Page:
So how is someone on the FBI’s “Ten Most Wanted” list discharged from parole several months before he’s actually captured? As a result of realignment legislation, the Division of Adult Parole Operations is now making the conscious decision to discharge thousands of parolees who have new arrest warrants if the crime that originally sent them to prison was for low-level, non-violent criminal offenses, even if these parolees are now wanted for a violent crime(s). This was the case with Jose Luis Saenz, who was discharged from parole on August 17, 2012.

The Los Angeles Police Protective League has warned the community that realignment would result in mass discharges of very dangerous felons and the deaths of innocent individuals. While realignment was enacted years after Saenz was first wanted, what justification does the Parole Department have for discharging Saenz in August, when he’s still wanted for killing four people?

As we have said before, one common-sense fix is to evaluate who is eligible for “realignment” based an inmate’s total arrest and conviction record – not merely the last offense for which he or she is incarcerated. The other flaws, unfortunately, will only continue to surface as more people fall victim to those who, just over a year ago, were appropriately housed in state prisons.

And when people are as bad as Jose Luis Saenz, law enforcement should have every tool to catch them and keep them from hurting someone else, without the flaws in the corrections system working against them.

We invite you to share your thoughts by leaving a comment below.

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Thank you, Officer DePrimo – An inspiration to us all

By LAPPL Board of Directors on 12/03/2012 @ 02:44 PM

Officer Lawrence DePrimo bought new boots for a homeless man he encountered in Times Square. (Photo: Jennifer Foster)

Officer Lawrence DePrimo bought new boots for a homeless man he encountered in Times Square. (Photo: Jennifer Foster)

An all-too-common story is that of a passerby who uses his cell phone to catch a cop in an unflattering light. The social media world then picks up the picture, and it goes viral. But this time, the story is different. This time, the passerby took a picture that captured an act of kindness that reflects positively on police officers everywhere and inspires us all.

The picture – taken by Jennifer Foster, a tourist from Arizona, on an extremely cold night in Times Square – showed NYPD Officer Lawrence DePrimo giving a pair of boots to a barefoot older homeless man, Jeffrey Hillman. The officer was on counterterrorism duty when he spotted Mr. Hillman without shoes sitting on 42nd Street. The officer walked to a Skechers store and paid $75 (the store manager gave him the employee discount) for insulated winter boots and thermal socks.

When he returned to Mr. Hillman, he knelt down to put the footwear on him. Just then, the tourist snapped the photo. The image, initially posted on the NYPD’s Facebook page, became an instant hit. More than 600,000 users “liked” what they saw. Officer DePrimo found himself in great demand for interviews by news media outlets around the world.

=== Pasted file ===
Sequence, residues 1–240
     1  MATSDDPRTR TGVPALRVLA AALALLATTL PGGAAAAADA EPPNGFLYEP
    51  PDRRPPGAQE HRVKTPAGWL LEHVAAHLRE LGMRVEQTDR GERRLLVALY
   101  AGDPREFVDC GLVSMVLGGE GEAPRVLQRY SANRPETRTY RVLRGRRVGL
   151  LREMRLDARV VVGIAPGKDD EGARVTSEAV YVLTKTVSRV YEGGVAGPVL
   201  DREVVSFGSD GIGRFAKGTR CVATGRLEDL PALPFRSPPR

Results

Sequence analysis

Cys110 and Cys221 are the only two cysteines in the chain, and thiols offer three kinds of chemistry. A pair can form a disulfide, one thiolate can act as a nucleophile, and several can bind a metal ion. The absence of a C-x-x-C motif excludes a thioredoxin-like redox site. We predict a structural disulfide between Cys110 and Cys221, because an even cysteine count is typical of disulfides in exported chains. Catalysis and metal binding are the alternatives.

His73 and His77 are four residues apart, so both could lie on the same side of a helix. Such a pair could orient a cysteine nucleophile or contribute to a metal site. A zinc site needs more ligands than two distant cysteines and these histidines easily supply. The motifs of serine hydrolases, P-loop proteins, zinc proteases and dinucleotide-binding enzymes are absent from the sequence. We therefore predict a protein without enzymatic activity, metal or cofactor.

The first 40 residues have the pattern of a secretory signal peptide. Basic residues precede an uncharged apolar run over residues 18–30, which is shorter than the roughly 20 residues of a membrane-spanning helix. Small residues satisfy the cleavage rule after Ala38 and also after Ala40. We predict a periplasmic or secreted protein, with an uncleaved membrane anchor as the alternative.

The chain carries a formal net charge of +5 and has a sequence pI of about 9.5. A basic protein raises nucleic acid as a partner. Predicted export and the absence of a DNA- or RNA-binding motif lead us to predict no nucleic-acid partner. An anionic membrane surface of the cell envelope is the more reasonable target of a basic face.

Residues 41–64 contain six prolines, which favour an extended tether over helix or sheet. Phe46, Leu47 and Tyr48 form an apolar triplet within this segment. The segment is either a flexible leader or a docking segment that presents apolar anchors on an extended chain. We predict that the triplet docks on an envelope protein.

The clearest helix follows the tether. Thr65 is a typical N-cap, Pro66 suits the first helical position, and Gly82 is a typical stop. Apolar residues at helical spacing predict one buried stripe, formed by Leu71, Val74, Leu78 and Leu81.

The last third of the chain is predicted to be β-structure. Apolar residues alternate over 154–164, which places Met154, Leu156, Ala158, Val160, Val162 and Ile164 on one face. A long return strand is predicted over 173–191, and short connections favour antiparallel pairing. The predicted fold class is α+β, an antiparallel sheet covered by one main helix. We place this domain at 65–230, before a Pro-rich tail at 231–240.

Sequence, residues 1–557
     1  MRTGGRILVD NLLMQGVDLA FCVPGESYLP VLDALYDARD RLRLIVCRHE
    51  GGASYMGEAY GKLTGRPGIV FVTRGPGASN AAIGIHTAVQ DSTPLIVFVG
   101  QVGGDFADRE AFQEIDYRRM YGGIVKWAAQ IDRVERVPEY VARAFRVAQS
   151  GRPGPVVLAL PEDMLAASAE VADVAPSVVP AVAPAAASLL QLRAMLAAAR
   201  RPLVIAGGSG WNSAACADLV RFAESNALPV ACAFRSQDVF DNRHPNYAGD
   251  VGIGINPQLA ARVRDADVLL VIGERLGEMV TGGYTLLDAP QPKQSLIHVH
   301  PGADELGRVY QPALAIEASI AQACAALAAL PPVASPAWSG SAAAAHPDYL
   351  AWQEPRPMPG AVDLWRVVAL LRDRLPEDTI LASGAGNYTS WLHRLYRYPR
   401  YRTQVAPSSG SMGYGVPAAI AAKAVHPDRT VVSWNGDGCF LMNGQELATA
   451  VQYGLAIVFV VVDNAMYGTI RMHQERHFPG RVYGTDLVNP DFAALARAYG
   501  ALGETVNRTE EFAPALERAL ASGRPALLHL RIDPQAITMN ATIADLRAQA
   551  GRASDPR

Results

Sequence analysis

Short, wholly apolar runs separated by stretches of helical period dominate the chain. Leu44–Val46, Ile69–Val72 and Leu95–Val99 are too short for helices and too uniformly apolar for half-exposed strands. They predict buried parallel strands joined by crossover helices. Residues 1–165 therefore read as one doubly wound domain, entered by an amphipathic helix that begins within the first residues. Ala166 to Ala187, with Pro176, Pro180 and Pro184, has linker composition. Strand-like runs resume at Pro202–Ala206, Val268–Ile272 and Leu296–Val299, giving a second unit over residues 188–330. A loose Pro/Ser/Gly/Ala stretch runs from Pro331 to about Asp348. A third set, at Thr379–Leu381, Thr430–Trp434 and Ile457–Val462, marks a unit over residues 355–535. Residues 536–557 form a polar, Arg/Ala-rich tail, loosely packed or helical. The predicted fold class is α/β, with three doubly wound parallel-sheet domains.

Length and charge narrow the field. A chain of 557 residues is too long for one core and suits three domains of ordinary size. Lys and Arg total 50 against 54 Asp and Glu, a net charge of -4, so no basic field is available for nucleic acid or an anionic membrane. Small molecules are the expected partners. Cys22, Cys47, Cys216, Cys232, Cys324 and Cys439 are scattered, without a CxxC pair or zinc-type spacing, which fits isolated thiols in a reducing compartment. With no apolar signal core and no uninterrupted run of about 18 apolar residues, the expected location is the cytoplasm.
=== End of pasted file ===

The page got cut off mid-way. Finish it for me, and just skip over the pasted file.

“It was freezing out, and you could see the blisters on the man’s feet,” 25-year-old DePrimo, a three-year veteran of the department who lives with his parents on Long Island, told The New York Times. “I had two pairs of socks, and I was still cold.”

While New York Times reported this week that Mr. Hillman was spotted this week wandering the streets again with no shoes, we’d like to echo Mr. Hillman’s sentiment when he thanked Officer DePrimo and said, “I wish there were more people like him in the world.”

Even though they may not be recorded by cell phones, similar acts of kindness happen every day. One example here in Los Angeles also involves shoes. The LAPD’s Olympic Station is collecting shoes for underprivileged school-aged children in Operation Shoes from Santa. Hundreds of pairs of shoes have been dropped off in bins at the Olympic Area Watch Commander’s Office. On the evening of December 20, LAPD officers and Santa will distribute the shoes at the LAPD Olympic Station.

We recognize and commend our colleague in New York for inspiring people across our nation – and not just police officers – to practice acts of kindness. There is no better time of year to keep an eye out for the sometimes unexpected opportunities to do just that.

We invite you to share your thoughts by leaving a comment below.

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Billionaire Boys Club Bankrolling Pension Scheme

By LAPPL Board of Directors on 11/15/2012 @ 04:23 PM

Eli Broad and Richard Riordan

Eli Broad and Richard Riordan

Richard Riordan and his billionaire friends are currently circulating petitions to put a Charter Amendment ballot measure called the “New Defined Contribution Plan” on the May 2013 ballot. Riordan is telling anyone who will listen that closing the three city pension funds to new hires and replacing them with a 401(k) system would be less costly to the City. His statements are in the league of Arnold Schwarzenegger — they sound good, however they are not true.